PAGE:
Obama warns Pyongyang on missile

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Obama warns Pyongyang on missile

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U.S. President Barack Obama, center, visits the Observation Post Ouellette along the Demilitarized Zone between North and South Korea yesterday. Behind him is Jung Seung-jo, chairman of South Korea’s Joint Chiefs of Staff. Obama visited South Korea’s tense border with the North in a show of solidarity with U.S. ally South Korea and as a message of resolve against Pyongyang’s nuclear standoff with the West. [Joint Press Corps]


President Lee Myung-bak and U.S. President Barack Obama yesterday urged North Korea to call off its plan to launch a missile next month, warning it is a violation of an international norm and will only deepen the country’s isolation.

“Bad behaviors will not be rewarded,” Obama told a joint press conference after a meeting with Lee at the Blue House late yesterday. At the conference, Lee said the two countries will sternly deal with a North Korean provocation.

The meeting between the presidents came a day before the start of the Seoul Nuclear Security Summit, designed to deal with nuclear threats from non-state terrorists.

The North’s planned launch, scheduled between April 12 and April 16, is ostensibly to launch a satellite, but is widely seen as test of a long-range missile to carry weapons and even nuclear warheads.

Stressing the “extraordinary” poverty of the North, Obama said the consequences of the North’s pushing ahead with the test will be lost opportunities. He said its hunger-stricken people will take biggest hit from it.

The missile launch is seen as a “deal-breaker” for an agreement between Washington and Pyongyang last month, in which the U.S. promised to give 240,000 metric tons of nutritional assistance in return for several pledges by the North, including suspension of long-range missile tests.

Describing a seeming contradiction in the North’s behavior, Obama said the new leadership in the North, led by Kim Jong-un, appears to be unsettled, and that he wasn’t sure “who is calling the shots.”

Obama also urged China to act more to keep the North from violating international norms. Obama will meet Chinese President Hu Jintao today on the sidelines of the Seoul Nuclear Security Summit.

Obama is scheduled to give a speech today to students of Hankuk University of Foreign Studies on the school’s campus in northern Seoul before attending the summit at Coex, in southern Seoul.

Similar statements came from other meetings Lee had prior to today’s summit, including with Indian Prime Minister Manmohan Singh and New Zealand Prime Minister John Key yesterday, the Blue House said.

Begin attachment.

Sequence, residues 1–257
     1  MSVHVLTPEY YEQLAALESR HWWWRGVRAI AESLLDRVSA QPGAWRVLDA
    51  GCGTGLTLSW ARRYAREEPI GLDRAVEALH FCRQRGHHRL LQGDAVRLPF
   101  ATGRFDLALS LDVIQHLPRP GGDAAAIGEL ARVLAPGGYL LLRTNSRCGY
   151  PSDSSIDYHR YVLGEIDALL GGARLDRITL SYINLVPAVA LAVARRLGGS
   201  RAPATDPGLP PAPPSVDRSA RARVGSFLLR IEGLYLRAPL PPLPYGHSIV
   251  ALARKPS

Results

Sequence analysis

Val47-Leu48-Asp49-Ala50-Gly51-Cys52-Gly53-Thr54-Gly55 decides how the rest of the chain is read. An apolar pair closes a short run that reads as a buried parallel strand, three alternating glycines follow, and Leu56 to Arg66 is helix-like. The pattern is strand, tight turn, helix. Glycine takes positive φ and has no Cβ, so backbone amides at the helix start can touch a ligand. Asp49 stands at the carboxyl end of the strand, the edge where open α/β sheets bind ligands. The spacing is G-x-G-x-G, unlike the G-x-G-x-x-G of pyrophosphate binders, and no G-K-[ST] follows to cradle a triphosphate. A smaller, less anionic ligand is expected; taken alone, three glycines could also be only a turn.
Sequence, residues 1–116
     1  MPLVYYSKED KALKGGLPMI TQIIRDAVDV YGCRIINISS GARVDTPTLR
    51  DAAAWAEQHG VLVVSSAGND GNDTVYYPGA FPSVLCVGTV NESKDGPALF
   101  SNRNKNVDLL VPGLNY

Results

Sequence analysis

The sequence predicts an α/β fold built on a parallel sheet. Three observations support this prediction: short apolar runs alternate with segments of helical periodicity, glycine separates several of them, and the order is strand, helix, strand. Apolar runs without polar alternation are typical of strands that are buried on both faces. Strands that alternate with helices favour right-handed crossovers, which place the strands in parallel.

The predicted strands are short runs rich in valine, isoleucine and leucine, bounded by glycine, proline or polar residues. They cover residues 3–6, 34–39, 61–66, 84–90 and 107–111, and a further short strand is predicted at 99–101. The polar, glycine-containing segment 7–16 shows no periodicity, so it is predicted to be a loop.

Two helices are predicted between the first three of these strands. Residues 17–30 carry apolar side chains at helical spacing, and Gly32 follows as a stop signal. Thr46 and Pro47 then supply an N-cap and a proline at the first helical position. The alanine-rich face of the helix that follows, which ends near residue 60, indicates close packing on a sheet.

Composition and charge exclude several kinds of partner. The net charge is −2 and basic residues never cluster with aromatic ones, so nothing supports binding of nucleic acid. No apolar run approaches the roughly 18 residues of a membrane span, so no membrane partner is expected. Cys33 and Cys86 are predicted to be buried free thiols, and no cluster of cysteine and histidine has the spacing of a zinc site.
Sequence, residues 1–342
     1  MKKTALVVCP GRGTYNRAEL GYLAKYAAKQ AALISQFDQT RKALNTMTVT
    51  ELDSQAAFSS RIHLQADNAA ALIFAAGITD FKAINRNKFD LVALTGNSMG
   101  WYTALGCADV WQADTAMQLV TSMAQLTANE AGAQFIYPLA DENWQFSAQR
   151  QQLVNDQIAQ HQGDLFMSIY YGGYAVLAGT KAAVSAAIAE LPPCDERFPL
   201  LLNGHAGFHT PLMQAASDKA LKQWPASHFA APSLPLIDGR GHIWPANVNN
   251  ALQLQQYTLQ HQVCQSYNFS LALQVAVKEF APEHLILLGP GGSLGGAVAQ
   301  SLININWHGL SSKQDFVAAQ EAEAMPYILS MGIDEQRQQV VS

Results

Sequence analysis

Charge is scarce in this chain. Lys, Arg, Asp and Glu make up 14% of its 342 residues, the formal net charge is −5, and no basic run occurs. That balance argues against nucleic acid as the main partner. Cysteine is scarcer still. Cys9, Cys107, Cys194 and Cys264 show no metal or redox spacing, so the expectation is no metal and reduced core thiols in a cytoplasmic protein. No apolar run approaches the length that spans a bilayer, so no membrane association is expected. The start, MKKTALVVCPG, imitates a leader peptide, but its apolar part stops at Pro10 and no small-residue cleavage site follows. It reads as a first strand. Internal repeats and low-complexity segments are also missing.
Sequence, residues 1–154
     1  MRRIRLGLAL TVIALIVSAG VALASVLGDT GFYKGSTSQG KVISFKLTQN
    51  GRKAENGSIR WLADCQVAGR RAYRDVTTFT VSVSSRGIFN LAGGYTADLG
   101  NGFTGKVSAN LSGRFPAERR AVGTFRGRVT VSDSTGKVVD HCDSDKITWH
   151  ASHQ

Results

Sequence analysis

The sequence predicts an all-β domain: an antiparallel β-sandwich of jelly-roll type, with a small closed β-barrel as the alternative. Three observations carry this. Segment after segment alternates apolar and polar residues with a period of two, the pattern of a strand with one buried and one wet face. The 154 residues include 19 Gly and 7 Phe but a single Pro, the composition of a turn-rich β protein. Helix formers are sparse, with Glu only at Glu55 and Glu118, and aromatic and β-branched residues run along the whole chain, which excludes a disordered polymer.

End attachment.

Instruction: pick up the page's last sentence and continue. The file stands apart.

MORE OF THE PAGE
UN Secretary General Ban Ki-moon met Lee on Saturday and defined the North’s missile plan as a “violation of a United Nations Security Council resolution and a grave act of provocation against the international community,” said Blue House spokesman Park Jeong-ha. UNSC Resolution 1874 prohibits the North from a launch using ballistic missile technologies.

In a meeting between Lee and Thai Prime Minister Yingluck Shinawatra on Saturday, the two leaders said the North’s launch would be a betrayal of the hunger-stricken populace of the North. Lee will meet 20 more leaders through Thursday.

The North claims that the launch is for the purpose of the peaceful use of space, which it says is guaranteed under the Outer Space Treaty written in the 1960s.

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U.S. President Barack Obama, left, and South Korean President Lee Myung-bak, right, at a press conference yesterday in the Blue House. [Joint Press Corps]

On Saturday, it sharpened its rhetoric toward the South and said any statement on the launch plan during the Seoul summit could lead to countermeasures and an “extreme situation” on the Korean Peninsula. Two deadly attacks by North Korea on the South in 2010 killed 50 South Koreans, including two civilians, although Pyongyang denies sinking the Cheonan warship two years ago today.

The two Koreas remain technically at war since the 1950-53 Korean War ended in an armistice, and there are around 28,000 U.S. soldiers stationed in the South.

Early yesterday, Obama visited the Demilitarized Zone, calling it “freedom’s frontier.” He stopped at Camp Bonifas near the 2.5-mile-wide zone, saying he is proud of the U.S. soldiers at the camp, named after a U.S. soldier hacked to death in 1976 by North Korean soldiers at the truce village of Panmunjom.

“There’s something about this spot in particular,” he said.

Obama, the architect of the nuclear security summit and the host of the first summit held in Washington in 2010, is known to have recommended Seoul to host the second.

The two-day summit, which has attracted leaders of 53 countries and four international organizations, is the largest diplomatic event Korea has ever hosted. “The contrast between South Korea and North Korea could not be clearer, could not be starker,” Obama said during his visit to the U.S. troops yesterday.

The Nuclear Security Summit Preparatory Secretariat yesterday opened a media center for 3,700 reporters who came from 39 countries to Coex, Samseong-dong, southern Seoul.

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Mounted policemen yesterday patrol Coex, the venue of the Nuclear Security Summit, which will be held today and tomorrow in Seoul. [YONHAP]

The police said they will close the roads surrounding Coex from Sunday at midnight until 10 p.m. tomorrow and encouraged the public to use public transportation.

Some rallies in protest of the summit were held in the city, but ended without significant public disturbance, police said.


By Moon Gwang-lip, Kwon Sang-soo [joe@joongang.co.kr]

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